This demand can be influenced by many factors such as financial results (if a company doubles its growth in a year and prospects look rosy, then its price will likely rise), the UK's economic health and so-called 'sentiment', ie, if City buyers think a firm will struggle, its price can fall. Though it's sometimes linked to some surprising things – footballer Cristiano Ronaldo famously knocked billions of pounds off Coca Cola's value by favouring water over it at a press conference.
Shares can pay dividends too
There are two ways you make money from investing. One is when the shares increase in value between you buying and selling, the other is when they pay dividends.
These are a bit like interest on a savings account. If a company makes a profit, it gives some of it back to you – it could be on a regular basis or as a one-off. And just as you have a personal savings allowance for interest on savings, you also have a dividends allowance each tax year where the first £2,000 you receive is tax-free. See our Tax Rates guide for full info.
How does a company get listed on the stock exchange?
For a company to make its shares available for anyone to buy it needs to 'go public' – becoming a listed company on a public stock exchange.
This involves hiring an adviser – usually an investment bank – to draw up a so-called 'admission document'. This sets out why the firm wants to list, its targets for expansion, and a long-term strategy. Once a level of interest from backers is set, an initial share price is agreed, and trading can begin.
With savings rates hovering at historically low levels, the incentive to look elsewhere for decent returns is strong. Most wannabe investors will ask 'What kind of growth can I expect from investing?' – the very reason behind most people's decision to put their cash into the stock market. Yet this of course is an impossible question. We, nor anyone else, can tell you what you will get (don't believe anyone who says they know – they're lying).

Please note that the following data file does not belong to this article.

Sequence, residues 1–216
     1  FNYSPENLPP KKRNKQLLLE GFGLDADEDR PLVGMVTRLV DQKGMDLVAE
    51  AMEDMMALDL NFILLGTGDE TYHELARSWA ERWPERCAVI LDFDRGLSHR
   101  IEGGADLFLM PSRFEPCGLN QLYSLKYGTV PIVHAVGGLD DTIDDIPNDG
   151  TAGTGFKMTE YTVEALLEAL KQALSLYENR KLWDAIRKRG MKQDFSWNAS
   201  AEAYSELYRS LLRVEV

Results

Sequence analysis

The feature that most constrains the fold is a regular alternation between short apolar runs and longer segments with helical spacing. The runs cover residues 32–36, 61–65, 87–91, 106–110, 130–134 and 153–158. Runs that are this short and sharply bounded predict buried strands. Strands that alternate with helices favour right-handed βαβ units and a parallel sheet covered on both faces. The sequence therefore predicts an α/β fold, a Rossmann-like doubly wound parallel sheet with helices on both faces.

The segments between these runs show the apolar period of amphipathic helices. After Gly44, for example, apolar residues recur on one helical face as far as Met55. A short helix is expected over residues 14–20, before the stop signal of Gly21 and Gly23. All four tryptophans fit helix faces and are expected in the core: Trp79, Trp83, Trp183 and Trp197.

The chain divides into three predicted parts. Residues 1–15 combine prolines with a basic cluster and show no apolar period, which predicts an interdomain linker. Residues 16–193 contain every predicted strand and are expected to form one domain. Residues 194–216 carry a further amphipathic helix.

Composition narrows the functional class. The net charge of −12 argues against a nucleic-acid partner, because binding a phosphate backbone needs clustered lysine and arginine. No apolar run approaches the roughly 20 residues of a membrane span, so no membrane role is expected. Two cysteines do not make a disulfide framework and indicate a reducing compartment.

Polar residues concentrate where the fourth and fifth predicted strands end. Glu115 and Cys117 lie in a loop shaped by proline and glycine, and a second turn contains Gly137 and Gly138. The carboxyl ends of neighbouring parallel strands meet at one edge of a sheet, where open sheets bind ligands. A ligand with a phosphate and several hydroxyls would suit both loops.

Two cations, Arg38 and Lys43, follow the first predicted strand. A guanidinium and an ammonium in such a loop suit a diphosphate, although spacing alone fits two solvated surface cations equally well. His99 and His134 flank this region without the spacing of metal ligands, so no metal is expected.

Over the long run, historically stocks and shares have outperformed money in savings accounts. However the actual rate of return depends on many factors including (but not limited to) the selection of shares or funds you hold in your portfolio, the length of time you hold them, the total amount of fees and charges you'll pay, and – ultimately – how the market performs.
Yet essentially there are two main figures you need to consider – the price at which you buy and the price at which you sell. The difference, minus any fees, is your profit or loss. Remember investing is risky and any money you put in could fall in value. Put bluntly, you could lose it all. There's a reason you'll see the below statement on investment sites – you've no guarantee your investment is going to do well.
Past performance is no indicator of future success
There is no way to predict the future, so most investors look to the past for what to expect. Yet this in itself has obvious risks. Even a company with a stable stock market performance can fall into trouble, and quickly. You just need to look at the knock on impact of the coronavirus pandemic or 2007/8 credit crunch to see how sudden things can change.